What We Could Do
Make games that aren't juvenile pap.
Ha ha, but seriously. I don't want to leave anyone with the impression that Oedipal dilemmas are the only option for mature, morally thoughtful games. What we need to do is explore our options - Oedipal dilemmas being one of the mostly overlooked options.
The goal of all this was hopefully to broaden vocabularies and ideas. As spell-check is all too eager to remind me, "Edenian" and "Pandoran" are not real words. By providing some tentative labels, I hope to open up how we think about morality in games.
There is no reason why morality systems in games have to be terrible, even games with binary moral systems. The answer is not that games should never talk about morality or even that it should be confined to the narrative level.
Morality, and formal morality in particular, is nothing if not a mutually-agreed upon system. Games, as systems, are perhaps the perfect medium for representing and recreating moral systems for criticism and contemplation. Traditionally narrative mediums such as books or movies can generally only present one sequence of events (the most post-modern examples notwithstanding). By gamifying moral systems, we can examine them from multiple angles.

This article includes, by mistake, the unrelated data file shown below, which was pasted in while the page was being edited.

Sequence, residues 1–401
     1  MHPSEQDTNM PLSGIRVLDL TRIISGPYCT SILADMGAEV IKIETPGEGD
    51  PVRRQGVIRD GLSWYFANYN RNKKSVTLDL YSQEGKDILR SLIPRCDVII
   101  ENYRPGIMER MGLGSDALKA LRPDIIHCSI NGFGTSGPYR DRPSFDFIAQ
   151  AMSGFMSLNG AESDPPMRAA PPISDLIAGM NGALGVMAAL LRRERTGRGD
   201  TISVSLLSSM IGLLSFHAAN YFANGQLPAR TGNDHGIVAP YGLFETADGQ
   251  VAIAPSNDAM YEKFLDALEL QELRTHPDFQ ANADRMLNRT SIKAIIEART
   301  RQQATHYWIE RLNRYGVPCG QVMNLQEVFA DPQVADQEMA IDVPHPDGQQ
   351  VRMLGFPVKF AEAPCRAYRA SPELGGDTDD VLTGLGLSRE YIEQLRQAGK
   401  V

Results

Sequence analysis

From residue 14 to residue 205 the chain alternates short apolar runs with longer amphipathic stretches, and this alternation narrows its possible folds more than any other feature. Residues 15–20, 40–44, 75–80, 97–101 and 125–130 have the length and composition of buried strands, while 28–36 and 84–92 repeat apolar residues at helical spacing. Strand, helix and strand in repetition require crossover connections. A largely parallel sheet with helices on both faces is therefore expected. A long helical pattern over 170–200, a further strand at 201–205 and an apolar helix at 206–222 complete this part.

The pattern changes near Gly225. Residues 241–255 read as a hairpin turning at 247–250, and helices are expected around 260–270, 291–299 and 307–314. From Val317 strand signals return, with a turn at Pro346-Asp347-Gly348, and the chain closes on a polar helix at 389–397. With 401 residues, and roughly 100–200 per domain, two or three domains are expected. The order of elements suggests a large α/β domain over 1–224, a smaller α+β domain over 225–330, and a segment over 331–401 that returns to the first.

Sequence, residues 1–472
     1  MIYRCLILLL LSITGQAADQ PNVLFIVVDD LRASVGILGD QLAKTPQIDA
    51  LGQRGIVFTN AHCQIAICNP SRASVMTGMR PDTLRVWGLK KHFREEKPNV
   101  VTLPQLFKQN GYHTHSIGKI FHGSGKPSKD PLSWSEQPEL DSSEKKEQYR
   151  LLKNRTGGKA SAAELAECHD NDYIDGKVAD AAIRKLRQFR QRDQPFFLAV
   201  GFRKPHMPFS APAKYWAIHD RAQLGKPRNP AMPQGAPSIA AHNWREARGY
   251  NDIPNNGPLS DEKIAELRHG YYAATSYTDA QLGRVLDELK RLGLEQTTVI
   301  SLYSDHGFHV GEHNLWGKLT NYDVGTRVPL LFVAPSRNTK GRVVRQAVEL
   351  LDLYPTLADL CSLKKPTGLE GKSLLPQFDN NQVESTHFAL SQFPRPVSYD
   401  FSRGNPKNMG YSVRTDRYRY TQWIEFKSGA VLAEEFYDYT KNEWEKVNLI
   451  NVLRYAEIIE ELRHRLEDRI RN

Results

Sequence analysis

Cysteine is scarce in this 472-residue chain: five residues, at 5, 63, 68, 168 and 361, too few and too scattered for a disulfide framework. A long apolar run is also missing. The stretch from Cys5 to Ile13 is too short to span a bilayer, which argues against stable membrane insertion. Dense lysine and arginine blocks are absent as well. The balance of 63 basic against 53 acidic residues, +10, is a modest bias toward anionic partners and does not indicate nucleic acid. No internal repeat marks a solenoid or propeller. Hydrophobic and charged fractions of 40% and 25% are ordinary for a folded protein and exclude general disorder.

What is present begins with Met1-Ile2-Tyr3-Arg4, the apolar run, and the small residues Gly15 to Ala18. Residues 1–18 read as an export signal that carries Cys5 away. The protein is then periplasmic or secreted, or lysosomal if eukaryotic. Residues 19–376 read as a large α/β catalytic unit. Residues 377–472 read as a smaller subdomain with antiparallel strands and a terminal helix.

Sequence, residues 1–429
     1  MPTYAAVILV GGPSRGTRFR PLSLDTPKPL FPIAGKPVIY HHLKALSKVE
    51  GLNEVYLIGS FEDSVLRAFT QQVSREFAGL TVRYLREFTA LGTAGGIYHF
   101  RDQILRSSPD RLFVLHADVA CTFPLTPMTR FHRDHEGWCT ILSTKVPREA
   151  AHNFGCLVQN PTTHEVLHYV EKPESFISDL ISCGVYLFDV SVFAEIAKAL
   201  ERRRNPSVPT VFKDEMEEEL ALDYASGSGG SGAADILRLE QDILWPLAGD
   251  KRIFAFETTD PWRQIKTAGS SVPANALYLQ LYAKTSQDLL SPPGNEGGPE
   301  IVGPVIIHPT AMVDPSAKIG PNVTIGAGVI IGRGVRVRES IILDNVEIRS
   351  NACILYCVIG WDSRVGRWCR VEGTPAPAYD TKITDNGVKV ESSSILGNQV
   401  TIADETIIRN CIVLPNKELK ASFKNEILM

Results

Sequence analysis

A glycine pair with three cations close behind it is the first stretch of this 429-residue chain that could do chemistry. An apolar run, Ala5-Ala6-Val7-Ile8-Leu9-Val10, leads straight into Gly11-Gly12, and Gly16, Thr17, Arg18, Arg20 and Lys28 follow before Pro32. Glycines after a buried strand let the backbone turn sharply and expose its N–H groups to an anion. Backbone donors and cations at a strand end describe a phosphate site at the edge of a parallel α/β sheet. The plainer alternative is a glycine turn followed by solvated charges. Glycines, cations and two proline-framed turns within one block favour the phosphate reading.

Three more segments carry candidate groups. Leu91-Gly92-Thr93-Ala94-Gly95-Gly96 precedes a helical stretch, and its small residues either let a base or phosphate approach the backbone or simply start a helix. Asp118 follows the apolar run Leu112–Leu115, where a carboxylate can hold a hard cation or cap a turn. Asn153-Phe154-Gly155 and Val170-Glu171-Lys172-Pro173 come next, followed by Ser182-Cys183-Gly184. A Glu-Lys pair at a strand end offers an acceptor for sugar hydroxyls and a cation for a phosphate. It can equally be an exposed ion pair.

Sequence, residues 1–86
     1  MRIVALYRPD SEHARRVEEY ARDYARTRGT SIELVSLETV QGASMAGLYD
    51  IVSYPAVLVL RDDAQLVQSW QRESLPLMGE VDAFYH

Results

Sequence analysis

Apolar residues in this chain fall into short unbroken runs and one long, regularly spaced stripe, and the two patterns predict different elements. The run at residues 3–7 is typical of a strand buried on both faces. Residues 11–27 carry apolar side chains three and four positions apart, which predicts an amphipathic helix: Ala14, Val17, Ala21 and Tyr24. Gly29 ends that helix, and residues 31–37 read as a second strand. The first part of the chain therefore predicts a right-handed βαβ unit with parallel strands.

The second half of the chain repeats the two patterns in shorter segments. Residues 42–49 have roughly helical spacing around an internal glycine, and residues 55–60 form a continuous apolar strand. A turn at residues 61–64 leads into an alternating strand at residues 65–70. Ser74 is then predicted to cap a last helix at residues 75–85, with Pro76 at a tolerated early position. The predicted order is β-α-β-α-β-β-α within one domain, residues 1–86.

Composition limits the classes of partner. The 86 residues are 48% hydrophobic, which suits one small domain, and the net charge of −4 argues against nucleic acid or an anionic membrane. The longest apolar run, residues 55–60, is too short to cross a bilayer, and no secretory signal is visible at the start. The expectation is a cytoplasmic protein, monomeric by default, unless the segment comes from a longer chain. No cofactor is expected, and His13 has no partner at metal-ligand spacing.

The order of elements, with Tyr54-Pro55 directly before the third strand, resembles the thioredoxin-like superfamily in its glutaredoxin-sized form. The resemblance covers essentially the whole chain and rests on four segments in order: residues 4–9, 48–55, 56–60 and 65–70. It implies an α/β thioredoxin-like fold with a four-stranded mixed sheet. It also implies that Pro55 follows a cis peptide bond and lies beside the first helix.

Oedipus Rex the play can only recount the events of Oedipus' life from one perspective with one series of events. We weep for Oedipus, but his choices are scripted by the playwright as much as by the gods. Oedipus DX: Jocsta's Revenge the video game might also have scripted dialogue, but it can also have a scripted (that is to say, coded) moral system that allows Oedipus to make alternate decisions within the same moral framework.
It is this subtle difference between scripting the words of a play and scripting the rules of a game that should excite us. Eve, Pandora, and Oedipus can teach us a lot as stories, but they could have even more potential as games.